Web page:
But, conversely, the vast expansion of baseball's radio reach helped kill minor league baseball - given the choice between a major league game on the radio and a minor league game in person, people opted to stay at home. And once advertisers started shifting their money from radio to TV in the late 1950s, the radio market started to dry up and the national radio networks either shut down or switched their programming to less expensive formats - and live MLB games on a daily basis to most of the country were one of the first things to go.

-- MWE
   21. BDC Posted: August 30, 2014 at 08:41 AM (#4782263)
Re the 1950s: analysis (eg by sport historian Steve Riess) suggests that the Dodgers and Giants were making lots of money in New York. The moves to the Coast were very much maximizing moves, not born from desperation. Not all movers were as strong, of course, and not all new venues (Kansas City, notably) equally well chosen. But the Braves move to Milwaukee was a huge success, and that came early in the decade. It was a flush time, as imminent expansion would prove.
   22. Rickey! trades in sheep and threats Posted: August 30, 2014 at 08:49 AM (#4782267)
This is actually a really good, well balanced piece. The fact that *any* criticism of the state of the game makes some of you guys react so vehemently suggests that you're in a sort denial. There's little argument that baseball has become, or at least is becoming rather quickly, a regional sport. That's not to say baseball is dying or dead, but it's losing mindshare with younger demographics, and if you can't see that you're hiding your eyes from reality. Baseball is an *old* sport, which is what this guy is talking about. And yes, a good deal of the reason is likely due to the fact that baseball spent the formative years of Millenials' lives telling them how shitty the product was, and the next decade telling X'ers that all of the players they grew up loving were scum and cheats unworthy of the holy game of the righteous Baseball Gods.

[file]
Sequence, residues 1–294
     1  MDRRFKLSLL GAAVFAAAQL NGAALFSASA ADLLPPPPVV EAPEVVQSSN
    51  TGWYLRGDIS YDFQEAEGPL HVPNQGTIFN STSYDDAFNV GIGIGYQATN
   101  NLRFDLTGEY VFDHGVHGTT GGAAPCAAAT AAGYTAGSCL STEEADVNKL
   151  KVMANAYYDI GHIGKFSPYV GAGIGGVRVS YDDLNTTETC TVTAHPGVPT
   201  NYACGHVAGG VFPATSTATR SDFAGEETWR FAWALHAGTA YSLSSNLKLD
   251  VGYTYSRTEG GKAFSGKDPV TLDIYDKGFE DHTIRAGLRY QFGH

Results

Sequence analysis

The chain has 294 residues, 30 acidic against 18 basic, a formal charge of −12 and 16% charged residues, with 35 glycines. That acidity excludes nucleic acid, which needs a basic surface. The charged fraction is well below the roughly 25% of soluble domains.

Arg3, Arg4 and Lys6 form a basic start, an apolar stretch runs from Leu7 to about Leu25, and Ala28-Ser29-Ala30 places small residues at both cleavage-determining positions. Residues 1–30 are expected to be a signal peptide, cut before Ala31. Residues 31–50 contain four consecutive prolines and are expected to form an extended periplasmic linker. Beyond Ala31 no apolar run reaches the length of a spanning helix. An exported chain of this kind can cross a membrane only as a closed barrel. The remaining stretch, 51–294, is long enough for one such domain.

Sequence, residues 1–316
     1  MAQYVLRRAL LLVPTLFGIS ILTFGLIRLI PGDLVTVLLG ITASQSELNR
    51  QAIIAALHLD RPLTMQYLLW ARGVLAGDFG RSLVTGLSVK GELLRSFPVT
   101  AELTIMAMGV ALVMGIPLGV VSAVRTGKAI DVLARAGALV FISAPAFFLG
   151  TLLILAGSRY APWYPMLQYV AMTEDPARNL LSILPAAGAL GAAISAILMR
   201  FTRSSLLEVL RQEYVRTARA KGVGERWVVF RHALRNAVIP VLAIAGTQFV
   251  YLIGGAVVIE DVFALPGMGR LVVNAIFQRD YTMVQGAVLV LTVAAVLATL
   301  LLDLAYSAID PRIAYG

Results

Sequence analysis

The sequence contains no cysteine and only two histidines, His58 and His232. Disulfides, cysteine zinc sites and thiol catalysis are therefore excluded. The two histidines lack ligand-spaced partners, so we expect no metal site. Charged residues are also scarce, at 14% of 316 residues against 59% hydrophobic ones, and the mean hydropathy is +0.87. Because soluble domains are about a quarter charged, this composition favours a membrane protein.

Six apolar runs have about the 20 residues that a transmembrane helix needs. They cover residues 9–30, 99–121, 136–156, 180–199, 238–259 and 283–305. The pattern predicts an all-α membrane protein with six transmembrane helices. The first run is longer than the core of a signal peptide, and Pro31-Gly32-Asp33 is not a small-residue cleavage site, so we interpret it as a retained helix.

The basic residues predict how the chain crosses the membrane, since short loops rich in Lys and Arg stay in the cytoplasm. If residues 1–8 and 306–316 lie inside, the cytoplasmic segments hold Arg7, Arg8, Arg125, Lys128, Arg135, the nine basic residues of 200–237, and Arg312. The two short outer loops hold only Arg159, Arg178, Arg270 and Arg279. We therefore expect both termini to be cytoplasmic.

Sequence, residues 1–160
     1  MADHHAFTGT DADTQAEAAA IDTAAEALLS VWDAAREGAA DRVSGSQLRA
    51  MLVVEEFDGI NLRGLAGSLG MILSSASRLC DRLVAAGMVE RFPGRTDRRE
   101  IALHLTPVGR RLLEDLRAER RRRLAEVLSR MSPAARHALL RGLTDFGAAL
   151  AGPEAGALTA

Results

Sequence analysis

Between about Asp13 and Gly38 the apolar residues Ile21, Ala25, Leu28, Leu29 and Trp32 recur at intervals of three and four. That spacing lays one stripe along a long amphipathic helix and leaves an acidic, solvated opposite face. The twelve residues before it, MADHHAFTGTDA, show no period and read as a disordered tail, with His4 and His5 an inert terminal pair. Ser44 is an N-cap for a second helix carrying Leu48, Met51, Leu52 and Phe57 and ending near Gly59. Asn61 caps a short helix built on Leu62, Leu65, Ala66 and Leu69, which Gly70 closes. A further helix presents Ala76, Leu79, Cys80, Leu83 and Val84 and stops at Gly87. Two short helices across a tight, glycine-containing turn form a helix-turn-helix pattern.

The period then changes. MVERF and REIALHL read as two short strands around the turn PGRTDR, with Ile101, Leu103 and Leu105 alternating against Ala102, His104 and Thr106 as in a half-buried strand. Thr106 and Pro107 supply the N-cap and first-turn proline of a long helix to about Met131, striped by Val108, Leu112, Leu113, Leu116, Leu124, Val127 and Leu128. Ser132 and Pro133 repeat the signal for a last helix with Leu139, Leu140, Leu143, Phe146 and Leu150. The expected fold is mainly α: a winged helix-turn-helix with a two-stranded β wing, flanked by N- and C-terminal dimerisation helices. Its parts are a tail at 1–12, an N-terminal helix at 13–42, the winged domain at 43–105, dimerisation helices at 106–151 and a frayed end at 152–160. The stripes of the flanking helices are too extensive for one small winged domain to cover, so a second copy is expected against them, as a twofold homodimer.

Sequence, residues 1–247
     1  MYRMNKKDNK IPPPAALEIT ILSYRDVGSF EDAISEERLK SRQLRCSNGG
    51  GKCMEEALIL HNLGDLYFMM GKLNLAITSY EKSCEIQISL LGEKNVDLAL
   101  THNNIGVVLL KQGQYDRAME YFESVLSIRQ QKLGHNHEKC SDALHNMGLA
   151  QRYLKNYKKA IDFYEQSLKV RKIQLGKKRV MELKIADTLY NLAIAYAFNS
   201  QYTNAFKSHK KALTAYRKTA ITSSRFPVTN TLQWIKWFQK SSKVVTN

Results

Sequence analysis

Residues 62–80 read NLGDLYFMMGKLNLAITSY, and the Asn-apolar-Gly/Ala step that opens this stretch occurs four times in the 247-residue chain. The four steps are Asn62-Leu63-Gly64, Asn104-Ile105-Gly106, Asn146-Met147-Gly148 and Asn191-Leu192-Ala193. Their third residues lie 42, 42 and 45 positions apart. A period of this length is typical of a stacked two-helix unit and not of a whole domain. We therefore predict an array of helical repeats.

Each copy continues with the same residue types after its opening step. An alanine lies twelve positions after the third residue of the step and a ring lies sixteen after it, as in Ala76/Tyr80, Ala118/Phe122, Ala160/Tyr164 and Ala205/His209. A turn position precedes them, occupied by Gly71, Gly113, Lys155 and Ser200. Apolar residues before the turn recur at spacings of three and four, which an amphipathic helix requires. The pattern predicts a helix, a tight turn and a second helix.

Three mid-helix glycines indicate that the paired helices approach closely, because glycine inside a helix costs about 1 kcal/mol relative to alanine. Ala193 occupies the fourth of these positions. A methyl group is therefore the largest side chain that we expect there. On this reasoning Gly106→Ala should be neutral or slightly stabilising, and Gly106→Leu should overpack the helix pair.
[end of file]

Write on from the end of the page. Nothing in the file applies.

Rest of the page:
23. BDC Posted: August 30, 2014 at 09:05 AM (#4782277)
There's little argument that baseball has become, or at least is becoming rather quickly, a regional sport

Fair enough, but one might ask, what's wrong with that? The NFL and NBA are nationally oriented, in those terms, with bigger individual stars (NBA) and command of a national TV audience at certain days and times (NFL). That just means to me that there is a niche for a sport with a national structure but more decentralized, regional marketing, and MLB seems to have done that pretty well. It's proven a bit futile to go up head-to-head with the NFL and try to beat them at what they do best.

Honestly, I'd like some more national focus in baseball, fewer teams, fewer players per team, marquee games of the week, more concentrated playoffs – I'm conflating some elements of other sports there, college and pro, to describe my ideal. (I'd also like a more important WBC à la the World Cup.) But I have great fun following the Texas Rangers on a very regional basis, if that makes sense. I know their roster well (although this year, WTH can keep up?) and I see the teams that come into Texas very infrequently per team, unable to follow their rosters unless they have somebody like Derek Jeter aboard. But that's fine: my experience is sort of "my guys against the world." It's not like other sports, and doesn't need to be.